In the spirit of efficiency and finishing this article in less time than the movie, let’s just cut to the end.  Eventually Beatrice, in a completely logical and believable plot development, becomes the bride of Satan.  I am not kidding.  Luckily for us, Dante, problem solver that he is, opts to forgo his usual stabbity-stabbity response to this development and instead brandishes his comically large wrought iron cross, which magically turns Beatrice from an almost naked demonic entity to a completely naked spiritual entity.  (If I had to assign a soundtrack to this scene, I’m pretty sure it’d be Steppenwolf’s “Magic Carpet Ride,” but I digress.)  Hovering there buck naked, the movie finally realizes that Beatrice, like an old oil derrick, has been completely exploited, and so an angel descends to cover her with its wings (marking the first scene she hasn’t done entirely in the buff) and carry her to heaven.  Hopefully, it does so by way of an Old Navy so the woman can buy a pair of pants.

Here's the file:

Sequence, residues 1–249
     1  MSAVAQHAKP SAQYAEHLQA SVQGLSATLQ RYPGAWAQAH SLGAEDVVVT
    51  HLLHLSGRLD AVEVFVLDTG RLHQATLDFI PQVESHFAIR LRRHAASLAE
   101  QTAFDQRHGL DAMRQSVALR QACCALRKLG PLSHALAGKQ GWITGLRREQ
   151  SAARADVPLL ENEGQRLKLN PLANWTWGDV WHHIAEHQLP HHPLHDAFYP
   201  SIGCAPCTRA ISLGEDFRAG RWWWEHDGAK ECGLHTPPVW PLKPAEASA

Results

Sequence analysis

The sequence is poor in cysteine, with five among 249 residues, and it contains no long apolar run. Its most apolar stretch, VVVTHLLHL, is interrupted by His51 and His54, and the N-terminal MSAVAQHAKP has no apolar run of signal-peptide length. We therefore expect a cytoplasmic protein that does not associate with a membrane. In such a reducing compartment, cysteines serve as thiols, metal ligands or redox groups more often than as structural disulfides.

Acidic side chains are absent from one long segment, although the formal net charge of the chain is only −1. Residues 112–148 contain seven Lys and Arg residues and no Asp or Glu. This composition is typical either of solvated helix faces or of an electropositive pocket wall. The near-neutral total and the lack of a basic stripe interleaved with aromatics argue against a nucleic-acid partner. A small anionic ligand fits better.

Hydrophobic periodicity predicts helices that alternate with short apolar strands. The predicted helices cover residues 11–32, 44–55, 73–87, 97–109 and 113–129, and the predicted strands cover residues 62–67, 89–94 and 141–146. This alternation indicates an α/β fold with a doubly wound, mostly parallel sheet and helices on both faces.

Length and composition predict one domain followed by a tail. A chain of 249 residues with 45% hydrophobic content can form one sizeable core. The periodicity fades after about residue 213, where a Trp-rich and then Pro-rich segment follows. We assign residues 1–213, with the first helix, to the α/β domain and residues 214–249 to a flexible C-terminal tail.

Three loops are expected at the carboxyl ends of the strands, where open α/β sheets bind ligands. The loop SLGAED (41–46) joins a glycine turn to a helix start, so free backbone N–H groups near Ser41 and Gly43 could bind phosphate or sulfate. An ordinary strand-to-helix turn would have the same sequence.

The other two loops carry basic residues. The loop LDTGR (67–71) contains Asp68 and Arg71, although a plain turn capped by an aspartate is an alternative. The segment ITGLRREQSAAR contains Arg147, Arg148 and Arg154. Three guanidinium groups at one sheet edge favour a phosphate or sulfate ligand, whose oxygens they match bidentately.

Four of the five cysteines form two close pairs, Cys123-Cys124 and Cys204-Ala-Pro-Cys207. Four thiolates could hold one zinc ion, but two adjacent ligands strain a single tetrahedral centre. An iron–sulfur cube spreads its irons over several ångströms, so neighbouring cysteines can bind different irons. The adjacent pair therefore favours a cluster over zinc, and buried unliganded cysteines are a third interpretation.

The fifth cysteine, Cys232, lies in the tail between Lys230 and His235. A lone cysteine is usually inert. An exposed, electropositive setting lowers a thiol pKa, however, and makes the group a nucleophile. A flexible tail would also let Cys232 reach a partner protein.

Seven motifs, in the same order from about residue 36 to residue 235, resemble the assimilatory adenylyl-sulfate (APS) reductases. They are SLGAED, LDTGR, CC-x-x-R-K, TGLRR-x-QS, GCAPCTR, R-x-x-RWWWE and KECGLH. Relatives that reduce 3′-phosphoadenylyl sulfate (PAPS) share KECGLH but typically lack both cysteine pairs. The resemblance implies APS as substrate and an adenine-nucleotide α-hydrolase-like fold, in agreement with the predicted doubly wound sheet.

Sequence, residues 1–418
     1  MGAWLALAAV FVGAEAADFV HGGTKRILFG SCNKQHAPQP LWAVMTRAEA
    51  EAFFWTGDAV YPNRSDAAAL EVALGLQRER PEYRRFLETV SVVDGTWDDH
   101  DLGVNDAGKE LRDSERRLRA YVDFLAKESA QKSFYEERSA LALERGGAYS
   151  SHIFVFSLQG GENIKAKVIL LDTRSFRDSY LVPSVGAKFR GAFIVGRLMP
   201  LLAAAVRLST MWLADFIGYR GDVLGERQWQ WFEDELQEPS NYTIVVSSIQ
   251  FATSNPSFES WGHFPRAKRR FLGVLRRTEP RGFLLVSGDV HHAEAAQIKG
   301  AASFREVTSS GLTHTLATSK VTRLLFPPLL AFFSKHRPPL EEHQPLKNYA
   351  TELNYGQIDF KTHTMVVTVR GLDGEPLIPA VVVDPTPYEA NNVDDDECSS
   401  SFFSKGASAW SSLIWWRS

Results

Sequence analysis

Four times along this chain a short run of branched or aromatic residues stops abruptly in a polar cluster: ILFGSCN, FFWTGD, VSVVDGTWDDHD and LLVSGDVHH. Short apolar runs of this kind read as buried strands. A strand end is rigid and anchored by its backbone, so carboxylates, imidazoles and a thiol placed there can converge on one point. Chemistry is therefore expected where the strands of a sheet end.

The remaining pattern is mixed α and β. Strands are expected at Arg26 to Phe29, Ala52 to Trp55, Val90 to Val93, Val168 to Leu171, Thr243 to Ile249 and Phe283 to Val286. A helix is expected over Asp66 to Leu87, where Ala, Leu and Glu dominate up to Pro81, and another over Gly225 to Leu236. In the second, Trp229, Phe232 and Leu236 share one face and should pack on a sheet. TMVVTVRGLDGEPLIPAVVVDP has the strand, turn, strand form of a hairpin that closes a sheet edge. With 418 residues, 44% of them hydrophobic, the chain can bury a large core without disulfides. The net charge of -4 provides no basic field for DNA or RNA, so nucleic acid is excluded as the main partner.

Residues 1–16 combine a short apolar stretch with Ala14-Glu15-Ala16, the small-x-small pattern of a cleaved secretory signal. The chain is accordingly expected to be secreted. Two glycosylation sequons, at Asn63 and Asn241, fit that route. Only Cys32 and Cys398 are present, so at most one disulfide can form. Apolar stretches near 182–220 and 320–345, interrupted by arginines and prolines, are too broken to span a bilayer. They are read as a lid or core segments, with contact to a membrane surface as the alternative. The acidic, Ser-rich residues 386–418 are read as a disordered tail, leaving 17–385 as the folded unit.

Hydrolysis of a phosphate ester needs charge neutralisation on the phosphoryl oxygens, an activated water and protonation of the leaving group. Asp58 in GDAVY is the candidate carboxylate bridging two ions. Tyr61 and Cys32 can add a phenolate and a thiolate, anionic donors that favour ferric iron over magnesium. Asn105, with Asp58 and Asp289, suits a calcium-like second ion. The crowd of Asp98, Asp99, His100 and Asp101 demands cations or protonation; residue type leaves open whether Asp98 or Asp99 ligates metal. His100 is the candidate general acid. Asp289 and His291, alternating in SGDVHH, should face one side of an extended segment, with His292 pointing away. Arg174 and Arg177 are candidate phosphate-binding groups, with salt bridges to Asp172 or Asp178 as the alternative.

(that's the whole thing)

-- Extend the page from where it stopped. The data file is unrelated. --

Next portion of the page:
Sheesh, put on some pants.

This, of course, leaves Dante to descend to the final circle and confront Satan, who revels this was all part of his plan to invade purgatory and, by extension, heaven.  Since, you know, that worked so well for him the first time.  Long story short, they meet, and Dante screams at him for awhile, the usual stabbity-stabbity occurs, Dante ostensibly repents – five seconds of prayer atoning for his years spent as a philandering psychopath, God intervenes, Lucifer is trapped, Dante enters purgatory, the HR department for said realm starts getting a bit fidgety, and…the movie tries to set itself up for a sequel.  God forbid.  No pun intended.